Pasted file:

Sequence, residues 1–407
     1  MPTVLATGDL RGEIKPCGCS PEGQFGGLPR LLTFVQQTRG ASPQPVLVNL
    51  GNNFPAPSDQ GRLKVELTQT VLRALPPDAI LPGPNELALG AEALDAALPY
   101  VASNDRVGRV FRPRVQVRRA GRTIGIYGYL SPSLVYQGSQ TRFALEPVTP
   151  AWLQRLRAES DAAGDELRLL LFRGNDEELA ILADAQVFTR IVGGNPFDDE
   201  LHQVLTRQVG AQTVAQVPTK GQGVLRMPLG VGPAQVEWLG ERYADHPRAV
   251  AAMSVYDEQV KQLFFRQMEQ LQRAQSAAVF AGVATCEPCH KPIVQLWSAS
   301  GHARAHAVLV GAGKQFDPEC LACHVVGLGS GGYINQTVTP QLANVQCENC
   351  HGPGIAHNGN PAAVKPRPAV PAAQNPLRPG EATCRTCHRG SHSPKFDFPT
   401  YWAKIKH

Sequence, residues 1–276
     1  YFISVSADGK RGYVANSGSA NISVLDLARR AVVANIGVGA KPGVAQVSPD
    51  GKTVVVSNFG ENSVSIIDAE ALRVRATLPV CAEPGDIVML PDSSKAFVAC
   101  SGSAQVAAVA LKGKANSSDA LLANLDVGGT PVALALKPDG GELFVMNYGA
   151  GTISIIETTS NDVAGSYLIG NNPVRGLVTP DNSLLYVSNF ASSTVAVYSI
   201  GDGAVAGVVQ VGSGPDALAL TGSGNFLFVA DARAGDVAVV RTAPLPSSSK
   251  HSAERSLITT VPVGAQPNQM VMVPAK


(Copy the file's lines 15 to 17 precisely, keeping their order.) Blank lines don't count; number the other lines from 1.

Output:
   151  GTISIIETTS NDVAGSYLIG NNPVRGLVTP DNSLLYVSNF ASSTVAVYSI
   201  GDGAVAGVVQ VGSGPDALAL TGSGNFLFVA DARAGDVAVV RTAPLPSSSK
   251  HSAERSLITT VPVGAQPNQM VMVPAK